Can a Far-Infrared Sauna liquify your fat cells?

Not the actual sauna in question (Image by Video4Net)

We don’t do many product reviews here on Obesity Panacea anymore, but sometimes you come across health claims that are so amazing that you can’t help but review them.  Such is the case with uTan – the University of Ottawa tanning salon.

uTan is based in the University of Ottawa Sports Complex.  You may, as I do, find it disconcerting that there is a tanning salon in a university-owned building, given the substantial links between tanning and cancer risk.  While it is certainly worth discussing, it’s not the purpose of this post.  Instead, I would like to focus on information that uTan uses to promote its Far-Infrared Sauna, which includes some of the most extreme health claims that I have ever seen.

From the uTan website:


  • Strengthens the cardiovascular system with deep Far Infrared penetration (up to 1.5″).
  • Far Infrared sauna detoxifies heavy metals, hydrocarbon residues, alcohol, nicotine, sodium and cholesterol.
  • Helps liquefy fat cells, burns calories and controls weight. Improves and clears cellulite. Most effective way of burning calories. Burns up to 500 calories in one full session.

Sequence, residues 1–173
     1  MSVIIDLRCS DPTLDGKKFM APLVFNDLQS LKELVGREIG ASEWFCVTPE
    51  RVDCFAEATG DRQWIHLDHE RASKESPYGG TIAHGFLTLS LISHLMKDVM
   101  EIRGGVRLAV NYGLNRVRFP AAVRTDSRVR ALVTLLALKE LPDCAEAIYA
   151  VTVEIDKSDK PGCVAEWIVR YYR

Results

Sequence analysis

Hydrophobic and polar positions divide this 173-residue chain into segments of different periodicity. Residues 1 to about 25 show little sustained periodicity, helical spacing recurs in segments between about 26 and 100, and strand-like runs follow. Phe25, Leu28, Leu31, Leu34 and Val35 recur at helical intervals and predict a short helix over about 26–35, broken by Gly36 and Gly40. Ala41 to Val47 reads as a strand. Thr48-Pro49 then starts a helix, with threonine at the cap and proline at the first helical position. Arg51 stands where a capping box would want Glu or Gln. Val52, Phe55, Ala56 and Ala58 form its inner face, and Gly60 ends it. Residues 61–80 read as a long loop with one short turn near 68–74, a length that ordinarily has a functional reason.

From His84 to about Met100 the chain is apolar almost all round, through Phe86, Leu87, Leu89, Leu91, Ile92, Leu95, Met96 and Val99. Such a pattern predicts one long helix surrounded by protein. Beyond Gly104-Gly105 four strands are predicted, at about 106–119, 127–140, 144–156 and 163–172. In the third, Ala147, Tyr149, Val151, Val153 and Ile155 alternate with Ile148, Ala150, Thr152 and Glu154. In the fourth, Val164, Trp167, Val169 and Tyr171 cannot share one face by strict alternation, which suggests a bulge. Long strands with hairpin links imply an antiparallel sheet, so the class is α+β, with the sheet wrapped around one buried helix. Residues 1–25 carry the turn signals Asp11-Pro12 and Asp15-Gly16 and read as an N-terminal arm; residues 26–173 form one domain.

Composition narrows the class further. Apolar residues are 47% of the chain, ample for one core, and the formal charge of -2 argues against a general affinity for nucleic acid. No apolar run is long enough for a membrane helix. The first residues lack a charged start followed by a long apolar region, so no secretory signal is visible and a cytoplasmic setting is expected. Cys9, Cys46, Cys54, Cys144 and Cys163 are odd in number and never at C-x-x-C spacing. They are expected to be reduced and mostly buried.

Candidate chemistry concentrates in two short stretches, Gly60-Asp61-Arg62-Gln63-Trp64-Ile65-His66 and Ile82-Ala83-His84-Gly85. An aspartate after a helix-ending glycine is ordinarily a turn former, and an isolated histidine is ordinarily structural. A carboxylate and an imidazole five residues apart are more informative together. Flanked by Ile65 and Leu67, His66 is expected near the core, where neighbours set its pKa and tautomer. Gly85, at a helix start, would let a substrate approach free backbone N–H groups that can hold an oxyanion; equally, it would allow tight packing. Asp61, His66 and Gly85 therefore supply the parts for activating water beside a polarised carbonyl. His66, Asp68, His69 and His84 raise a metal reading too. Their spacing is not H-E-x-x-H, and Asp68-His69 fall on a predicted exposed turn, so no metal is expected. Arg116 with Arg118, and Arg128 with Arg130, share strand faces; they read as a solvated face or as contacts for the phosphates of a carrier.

• Effective for treating sprains, muscle spasms and joint stiffness; relieves aches and pains.
  • Improves your immune system by sweating at a lower more comfortable temperature than a conventional hot sauna.
  • Increases overall health and resistance to disease.
  • Sharpens senses and relieves stress, leaving you feeling refreshed and rejuvenated.
  • Improves skin within a few minutes. Helps scars and burns. Acne, psoriasis and eczema conditions will also improve.
  • This sauna stimulates endorphins of the brain and kills organisms like bacteria and parasites.
  • The Far Infrared sauna’s energy penetrates deeply into the body producing a warming, relaxing and detoxifying effect.

I am skeptical of pretty much all of the above, save for the idea that the sauna could produce a “warming, relaxing” effect (although that does seem to contradict the claim that it also “sharpens senses”).  I cannot come up with any mechanism through which it could improve the cardiovascular system or “detoxify” the body of cholesterol (what does that even mean???).  But as you might guess, I am most concerned with their claims that the sauna can “liquify fat cells”, “controls weight” and that it is the “Most effective way of burning calories. Burns up to 500 calories in one full session”.